Further improvements in tool design and production methods are likely to make more robots available for security than at present.
Robotic bomb disposal units already are a welcome addition to military inventories and help save lives.
Operating off a treadmill the legged robot Cheetah set speed records during tests at the Pentagon's Defense Advanced Research Projects Agency. A free-running prototype of the robot will be tested later in the year.
"The use of ground robots in military explosive-ordinance-disposal missions already saves many lives and prevents thousands of other casualties," DARPA said.
"If the current limitations on mobility and manipulation capabilities of robots can be overcome, robots could much more effectively assist warfighters across a greater range of missions."
The agency's Maximum Mobility and Manipulation -- "M3" -- program seeks to create and demonstrate significant scientific and engineering advances in robot mobility and manipulation capabilities.
The M3 program pursues four parallel tracks of research and development in tool design, production methods and processes, control of mobility and manipulation and prototype demonstration.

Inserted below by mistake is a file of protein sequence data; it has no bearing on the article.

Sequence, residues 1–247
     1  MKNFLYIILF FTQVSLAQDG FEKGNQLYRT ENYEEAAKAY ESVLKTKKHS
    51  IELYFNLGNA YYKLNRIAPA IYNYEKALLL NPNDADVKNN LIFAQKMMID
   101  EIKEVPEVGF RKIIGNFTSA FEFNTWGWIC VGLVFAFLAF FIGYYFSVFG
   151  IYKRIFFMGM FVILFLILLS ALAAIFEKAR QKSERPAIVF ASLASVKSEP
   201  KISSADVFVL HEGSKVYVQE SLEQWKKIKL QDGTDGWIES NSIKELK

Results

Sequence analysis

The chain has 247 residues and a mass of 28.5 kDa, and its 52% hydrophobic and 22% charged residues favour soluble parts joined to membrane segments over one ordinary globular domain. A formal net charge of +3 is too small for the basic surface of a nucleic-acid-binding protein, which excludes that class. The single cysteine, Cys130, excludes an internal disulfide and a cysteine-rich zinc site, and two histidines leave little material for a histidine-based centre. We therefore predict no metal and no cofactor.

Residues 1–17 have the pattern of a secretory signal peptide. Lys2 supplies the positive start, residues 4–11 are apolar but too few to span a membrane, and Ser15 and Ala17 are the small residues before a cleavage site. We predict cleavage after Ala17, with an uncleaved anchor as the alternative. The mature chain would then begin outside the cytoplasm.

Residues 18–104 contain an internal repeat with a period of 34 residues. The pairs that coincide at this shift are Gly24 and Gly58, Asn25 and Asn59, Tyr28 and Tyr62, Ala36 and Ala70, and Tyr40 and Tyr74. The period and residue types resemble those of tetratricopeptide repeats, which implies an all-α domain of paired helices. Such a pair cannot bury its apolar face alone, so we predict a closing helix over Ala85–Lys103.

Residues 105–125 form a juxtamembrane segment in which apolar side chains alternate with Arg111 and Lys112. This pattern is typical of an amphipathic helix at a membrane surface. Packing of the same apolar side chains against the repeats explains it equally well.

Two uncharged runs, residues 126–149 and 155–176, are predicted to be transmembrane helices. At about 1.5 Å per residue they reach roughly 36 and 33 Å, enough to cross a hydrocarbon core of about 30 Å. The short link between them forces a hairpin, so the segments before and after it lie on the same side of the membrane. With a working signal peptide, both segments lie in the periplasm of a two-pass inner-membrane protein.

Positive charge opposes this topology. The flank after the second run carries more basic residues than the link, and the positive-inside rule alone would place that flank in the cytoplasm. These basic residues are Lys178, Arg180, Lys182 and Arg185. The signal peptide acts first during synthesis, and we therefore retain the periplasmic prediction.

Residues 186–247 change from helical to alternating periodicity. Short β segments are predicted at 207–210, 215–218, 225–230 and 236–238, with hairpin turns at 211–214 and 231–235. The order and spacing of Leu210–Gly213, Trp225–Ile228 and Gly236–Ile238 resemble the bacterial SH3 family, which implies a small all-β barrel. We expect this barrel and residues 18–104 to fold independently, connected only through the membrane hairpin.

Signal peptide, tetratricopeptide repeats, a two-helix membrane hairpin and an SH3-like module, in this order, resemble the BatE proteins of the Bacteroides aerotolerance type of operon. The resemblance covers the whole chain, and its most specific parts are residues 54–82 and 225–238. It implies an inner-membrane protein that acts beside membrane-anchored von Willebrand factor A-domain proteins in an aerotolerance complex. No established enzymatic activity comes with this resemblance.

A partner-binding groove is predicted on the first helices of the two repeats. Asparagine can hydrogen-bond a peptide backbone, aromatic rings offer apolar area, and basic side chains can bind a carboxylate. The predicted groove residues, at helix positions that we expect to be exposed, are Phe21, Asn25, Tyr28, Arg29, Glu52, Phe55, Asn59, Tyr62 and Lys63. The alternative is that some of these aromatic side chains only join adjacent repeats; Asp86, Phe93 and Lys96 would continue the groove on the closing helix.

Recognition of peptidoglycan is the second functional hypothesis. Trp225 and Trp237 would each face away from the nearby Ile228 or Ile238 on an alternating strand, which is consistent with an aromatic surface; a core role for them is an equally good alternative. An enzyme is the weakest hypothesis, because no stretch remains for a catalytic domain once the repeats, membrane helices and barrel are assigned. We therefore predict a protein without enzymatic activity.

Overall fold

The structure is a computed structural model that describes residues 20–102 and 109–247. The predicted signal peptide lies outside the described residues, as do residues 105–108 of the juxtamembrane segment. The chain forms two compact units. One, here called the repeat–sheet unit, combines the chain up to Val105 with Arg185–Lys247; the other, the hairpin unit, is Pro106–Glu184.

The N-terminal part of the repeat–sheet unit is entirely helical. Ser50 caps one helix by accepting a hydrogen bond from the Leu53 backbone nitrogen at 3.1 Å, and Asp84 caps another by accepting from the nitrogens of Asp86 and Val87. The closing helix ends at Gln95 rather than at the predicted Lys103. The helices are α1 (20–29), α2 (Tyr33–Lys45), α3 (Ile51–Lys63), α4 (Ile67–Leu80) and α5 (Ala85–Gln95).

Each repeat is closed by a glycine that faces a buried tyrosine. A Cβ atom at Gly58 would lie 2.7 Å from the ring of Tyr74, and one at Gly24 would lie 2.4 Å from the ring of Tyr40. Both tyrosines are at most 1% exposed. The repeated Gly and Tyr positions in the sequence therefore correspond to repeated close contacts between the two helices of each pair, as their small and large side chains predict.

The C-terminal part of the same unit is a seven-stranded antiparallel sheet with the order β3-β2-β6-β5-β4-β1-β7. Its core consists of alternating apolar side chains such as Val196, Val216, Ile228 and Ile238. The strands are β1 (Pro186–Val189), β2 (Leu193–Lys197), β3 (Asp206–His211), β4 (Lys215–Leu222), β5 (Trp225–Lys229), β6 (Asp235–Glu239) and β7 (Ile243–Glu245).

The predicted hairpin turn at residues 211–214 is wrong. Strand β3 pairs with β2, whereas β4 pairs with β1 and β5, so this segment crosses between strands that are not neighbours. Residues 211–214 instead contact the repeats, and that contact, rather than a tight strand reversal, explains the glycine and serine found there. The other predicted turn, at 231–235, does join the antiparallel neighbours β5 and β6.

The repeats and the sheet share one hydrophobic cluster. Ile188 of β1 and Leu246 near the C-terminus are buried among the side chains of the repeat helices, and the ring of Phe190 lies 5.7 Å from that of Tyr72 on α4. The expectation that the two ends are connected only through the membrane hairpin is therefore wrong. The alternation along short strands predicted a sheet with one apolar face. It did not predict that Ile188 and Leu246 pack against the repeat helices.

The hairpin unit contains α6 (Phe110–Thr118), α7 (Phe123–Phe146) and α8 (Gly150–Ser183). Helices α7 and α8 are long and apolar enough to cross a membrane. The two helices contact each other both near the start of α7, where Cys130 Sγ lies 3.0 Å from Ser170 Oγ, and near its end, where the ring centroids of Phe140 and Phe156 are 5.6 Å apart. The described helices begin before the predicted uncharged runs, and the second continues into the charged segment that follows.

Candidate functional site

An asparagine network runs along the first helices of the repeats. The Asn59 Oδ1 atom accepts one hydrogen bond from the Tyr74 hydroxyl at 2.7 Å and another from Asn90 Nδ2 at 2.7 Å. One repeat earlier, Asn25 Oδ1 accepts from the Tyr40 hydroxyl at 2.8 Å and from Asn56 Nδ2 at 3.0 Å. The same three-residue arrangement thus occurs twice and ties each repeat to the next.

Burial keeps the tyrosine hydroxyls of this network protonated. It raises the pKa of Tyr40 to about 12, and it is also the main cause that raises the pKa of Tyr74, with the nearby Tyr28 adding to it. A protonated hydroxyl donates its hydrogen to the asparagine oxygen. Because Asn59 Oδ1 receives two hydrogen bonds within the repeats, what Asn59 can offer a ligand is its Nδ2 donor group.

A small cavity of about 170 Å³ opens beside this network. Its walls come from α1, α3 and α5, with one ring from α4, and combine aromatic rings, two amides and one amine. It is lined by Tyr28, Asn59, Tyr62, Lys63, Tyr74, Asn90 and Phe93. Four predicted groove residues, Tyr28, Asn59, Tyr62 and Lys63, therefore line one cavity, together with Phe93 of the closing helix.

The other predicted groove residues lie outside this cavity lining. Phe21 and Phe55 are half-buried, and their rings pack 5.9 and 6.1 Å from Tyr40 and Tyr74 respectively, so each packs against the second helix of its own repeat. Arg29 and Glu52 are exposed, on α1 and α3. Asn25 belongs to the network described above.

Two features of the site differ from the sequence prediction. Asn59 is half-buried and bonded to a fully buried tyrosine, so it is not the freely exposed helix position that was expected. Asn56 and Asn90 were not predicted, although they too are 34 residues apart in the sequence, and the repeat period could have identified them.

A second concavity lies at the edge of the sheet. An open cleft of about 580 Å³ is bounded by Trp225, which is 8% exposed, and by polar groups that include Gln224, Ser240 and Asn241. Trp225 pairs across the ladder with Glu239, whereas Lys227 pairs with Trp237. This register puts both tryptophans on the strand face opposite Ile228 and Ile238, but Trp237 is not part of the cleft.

Recent tests showed the Cheetah robot galloping at speeds of up to 18 miles per hour, setting a land speed record for legged robots. The previous record was 13.1 mph, set in 1989. The Cheetah demonstration was carried out on a treadmill.
The robot's movements are patterned after those of fast-running animals in nature. The robot increases its stride and running speed by flexing and un-flexing its back on each step, much as an actual cheetah does.
The laboratory treadmill version is powered by an off-board hydraulic pump and uses a boom-like device to keep it running in the center of the treadmill. A free-running prototype will be tested later in the year.
The M3 program conducts basic research and isn't focused on specific military missions but the technology it aims to develop could have a wide range of potential military applications.
Legged robots, a recent innovation in robotics, have developed from bipedal models to robots that have four or six legs. The legs-over-wheels approach lends itself for use in all-terrain purposes as legs are more effective in an uneven environment than wheels.
An earlier quadruped called BigDog was created in 2005 by Boston Dynamics with Foster-Miller, the NASA Jet Propulsion Laboratory, and the Harvard University Concord Field Station.
The 3-foot long robot stands 2.5 feet tall and weighs 240 pounds, about the size of a small mule. It was capable of traversing difficult terrain, running 4 miles an hour, carrying 340 pounds and climbing a 35-degree incline.
BigDog was funded by DARPA in the hopes that it will be able to serve as a robotic pack mule to accompany soldiers in terrain too rough for conventional vehicles.
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